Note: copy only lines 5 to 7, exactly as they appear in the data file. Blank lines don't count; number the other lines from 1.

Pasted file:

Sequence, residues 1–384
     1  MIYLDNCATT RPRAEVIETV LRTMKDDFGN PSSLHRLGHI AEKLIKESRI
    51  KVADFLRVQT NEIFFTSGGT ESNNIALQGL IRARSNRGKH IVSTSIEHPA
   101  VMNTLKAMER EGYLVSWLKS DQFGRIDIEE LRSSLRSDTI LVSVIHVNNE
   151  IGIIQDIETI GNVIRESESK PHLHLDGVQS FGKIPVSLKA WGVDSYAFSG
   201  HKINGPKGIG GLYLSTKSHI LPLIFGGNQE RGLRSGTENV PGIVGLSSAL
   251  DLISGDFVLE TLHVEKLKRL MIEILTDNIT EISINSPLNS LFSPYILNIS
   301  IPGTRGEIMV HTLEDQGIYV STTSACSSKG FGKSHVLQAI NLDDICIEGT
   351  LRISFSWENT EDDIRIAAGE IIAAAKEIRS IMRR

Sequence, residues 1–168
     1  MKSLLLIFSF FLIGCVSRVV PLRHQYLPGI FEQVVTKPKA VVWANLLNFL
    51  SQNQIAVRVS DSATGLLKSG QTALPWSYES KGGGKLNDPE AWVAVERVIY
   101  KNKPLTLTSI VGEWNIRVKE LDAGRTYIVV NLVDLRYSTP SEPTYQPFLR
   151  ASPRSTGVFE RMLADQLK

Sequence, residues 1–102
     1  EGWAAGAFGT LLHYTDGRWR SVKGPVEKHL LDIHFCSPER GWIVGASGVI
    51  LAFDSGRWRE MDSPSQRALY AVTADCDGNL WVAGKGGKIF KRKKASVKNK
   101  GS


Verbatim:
   151  IGIIQDIETI GNVIRESESK PHLHLDGVQS FGKIPVSLKA WGVDSYAFSG
   201  HKINGPKGIG GLYLSTKSHI LPLIFGGNQE RGLRSGTENV PGIVGLSSAL
   251  DLISGDFVLE TLHVEKLKRL MIEILTDNIT EISINSPLNS LFSPYILNIS